One of the things that's sitting on my desk waiting for the AP Tests to end is the Attendance referrals: students who have been missing too much school.
"Too much" absence, I've found, is a subjective issue. The school has guidelines for attendance, with regard to tardies and both excused and unexcused absences; the District Attorney's office (which has waited a good ten years to finally get involved) believes that only unexcused absences count, and they won't deal with the 11th and 12th graders. I could go into why all of this makes sense, but the Internet isn't large enough for the explanation. Suffice to say that yes, I understand why the DA has this view, and I'm fine with that.
Here's what DOESN'T make sense: many of the students with excessive absences (excused and otherwise) are still getting perfectly decent--if not above average--grades. It would seem that the teachers themselves have their own set of criteria for attendance. In short, they have no problem having their classes treated as correspondence courses. I understand that the web is a handy tool for education, but I think there comes a point where an empty seat should mean something. I've been saying this for a while now, but few people seem to be listening. Are we trying to teach students that attendance and punctuality are important, or are we training an entire generation of future telecommuters? Has attendance stopped being a part of classroom management, or are grades now commensurate with bandwidth? It seems to me that if we really wanted to make attendance an issue, those who are too frequently absent would have report cards that suck. Otherwise, we should scrap the attendance policy altogether and install another T1 line.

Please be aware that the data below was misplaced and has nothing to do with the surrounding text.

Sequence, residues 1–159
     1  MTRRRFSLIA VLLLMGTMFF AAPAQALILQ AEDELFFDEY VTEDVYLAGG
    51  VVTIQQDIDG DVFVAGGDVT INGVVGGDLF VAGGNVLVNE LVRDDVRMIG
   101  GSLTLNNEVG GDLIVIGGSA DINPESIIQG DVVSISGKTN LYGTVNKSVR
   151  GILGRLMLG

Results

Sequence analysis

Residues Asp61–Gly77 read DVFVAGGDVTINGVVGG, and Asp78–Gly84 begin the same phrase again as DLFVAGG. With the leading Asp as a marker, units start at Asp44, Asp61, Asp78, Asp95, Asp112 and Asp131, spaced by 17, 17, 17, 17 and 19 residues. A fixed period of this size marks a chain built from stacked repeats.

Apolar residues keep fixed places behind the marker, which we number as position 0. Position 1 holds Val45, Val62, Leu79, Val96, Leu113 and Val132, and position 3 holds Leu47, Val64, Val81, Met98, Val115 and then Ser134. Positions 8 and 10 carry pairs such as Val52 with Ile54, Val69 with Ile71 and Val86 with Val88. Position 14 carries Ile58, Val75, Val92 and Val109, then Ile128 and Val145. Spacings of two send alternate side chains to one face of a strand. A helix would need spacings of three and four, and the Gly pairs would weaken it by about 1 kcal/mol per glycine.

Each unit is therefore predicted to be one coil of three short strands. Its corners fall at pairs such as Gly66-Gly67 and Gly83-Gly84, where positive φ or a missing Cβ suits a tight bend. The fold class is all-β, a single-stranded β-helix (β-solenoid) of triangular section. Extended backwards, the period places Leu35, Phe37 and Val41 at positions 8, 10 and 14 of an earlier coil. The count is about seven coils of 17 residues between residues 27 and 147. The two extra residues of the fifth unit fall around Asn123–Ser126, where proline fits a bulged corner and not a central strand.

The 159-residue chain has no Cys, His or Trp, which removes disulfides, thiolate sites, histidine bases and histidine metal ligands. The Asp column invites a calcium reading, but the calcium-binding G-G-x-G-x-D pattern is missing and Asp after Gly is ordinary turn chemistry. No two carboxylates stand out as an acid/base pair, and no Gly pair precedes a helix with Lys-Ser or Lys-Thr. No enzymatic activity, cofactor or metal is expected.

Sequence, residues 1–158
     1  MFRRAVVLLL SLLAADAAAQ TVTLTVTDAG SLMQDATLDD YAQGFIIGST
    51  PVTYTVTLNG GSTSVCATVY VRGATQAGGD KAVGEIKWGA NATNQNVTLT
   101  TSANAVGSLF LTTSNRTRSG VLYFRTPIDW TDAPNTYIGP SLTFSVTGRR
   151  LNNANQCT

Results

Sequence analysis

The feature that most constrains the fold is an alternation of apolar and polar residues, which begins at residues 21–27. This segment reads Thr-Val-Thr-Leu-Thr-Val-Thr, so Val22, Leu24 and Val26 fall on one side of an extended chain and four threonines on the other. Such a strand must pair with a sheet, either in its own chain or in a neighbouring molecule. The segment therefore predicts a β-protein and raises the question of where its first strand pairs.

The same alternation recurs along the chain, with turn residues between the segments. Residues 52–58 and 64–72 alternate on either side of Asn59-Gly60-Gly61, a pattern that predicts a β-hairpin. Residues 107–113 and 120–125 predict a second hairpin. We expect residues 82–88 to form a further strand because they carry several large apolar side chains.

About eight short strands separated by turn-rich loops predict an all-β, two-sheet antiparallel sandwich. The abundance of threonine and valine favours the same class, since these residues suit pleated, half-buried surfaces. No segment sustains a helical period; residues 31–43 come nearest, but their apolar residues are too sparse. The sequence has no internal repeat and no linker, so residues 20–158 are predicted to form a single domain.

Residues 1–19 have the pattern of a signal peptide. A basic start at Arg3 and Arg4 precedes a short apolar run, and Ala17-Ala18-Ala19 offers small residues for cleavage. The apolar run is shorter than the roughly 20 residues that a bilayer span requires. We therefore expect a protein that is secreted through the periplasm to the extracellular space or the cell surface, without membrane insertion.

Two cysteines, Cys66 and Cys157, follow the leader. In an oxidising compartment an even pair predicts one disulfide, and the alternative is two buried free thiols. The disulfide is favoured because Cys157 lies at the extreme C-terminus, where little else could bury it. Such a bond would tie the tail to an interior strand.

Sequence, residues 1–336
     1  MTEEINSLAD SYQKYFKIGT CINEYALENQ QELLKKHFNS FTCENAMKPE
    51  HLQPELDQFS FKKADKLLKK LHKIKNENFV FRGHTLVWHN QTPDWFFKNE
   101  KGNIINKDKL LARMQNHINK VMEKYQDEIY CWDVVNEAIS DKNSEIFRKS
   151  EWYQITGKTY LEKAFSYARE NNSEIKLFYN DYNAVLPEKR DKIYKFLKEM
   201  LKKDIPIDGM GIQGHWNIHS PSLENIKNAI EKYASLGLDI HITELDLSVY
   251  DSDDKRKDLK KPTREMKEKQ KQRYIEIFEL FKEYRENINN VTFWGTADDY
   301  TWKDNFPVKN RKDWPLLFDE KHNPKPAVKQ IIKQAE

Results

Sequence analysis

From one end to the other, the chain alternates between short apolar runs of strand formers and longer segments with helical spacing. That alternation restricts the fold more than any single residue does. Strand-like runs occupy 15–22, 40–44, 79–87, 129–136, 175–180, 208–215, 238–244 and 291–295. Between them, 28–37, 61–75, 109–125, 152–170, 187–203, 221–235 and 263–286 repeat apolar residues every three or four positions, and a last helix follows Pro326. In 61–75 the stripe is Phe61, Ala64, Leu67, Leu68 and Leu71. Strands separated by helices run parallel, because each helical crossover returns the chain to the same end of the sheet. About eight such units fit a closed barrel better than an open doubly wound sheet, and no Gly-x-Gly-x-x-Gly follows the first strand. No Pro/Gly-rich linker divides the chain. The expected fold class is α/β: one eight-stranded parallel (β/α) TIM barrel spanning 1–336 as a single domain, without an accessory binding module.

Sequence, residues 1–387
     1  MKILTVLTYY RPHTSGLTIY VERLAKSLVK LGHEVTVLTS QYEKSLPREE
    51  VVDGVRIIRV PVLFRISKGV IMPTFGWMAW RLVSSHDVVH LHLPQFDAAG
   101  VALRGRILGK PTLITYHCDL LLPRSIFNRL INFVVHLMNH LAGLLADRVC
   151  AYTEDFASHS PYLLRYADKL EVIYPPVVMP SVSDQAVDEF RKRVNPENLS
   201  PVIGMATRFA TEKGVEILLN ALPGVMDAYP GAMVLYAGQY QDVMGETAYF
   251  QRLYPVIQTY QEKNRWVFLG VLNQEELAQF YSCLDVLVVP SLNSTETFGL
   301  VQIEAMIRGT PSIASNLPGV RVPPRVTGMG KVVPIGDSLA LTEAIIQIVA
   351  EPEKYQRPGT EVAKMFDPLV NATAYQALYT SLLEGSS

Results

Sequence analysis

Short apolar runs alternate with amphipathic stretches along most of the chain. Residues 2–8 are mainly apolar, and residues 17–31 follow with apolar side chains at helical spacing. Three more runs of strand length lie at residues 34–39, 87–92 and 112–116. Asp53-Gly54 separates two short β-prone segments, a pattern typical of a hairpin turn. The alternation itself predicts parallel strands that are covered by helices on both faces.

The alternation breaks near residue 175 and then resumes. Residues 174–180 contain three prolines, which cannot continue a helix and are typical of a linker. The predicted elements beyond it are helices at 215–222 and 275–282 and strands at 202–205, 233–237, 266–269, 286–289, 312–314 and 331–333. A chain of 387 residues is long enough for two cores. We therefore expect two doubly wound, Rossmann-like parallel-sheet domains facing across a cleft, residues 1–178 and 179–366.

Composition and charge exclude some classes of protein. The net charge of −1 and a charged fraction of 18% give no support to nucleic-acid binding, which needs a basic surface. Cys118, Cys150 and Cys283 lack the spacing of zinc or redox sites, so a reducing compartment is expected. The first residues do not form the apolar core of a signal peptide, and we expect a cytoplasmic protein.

Maybe we should webcast the graduation.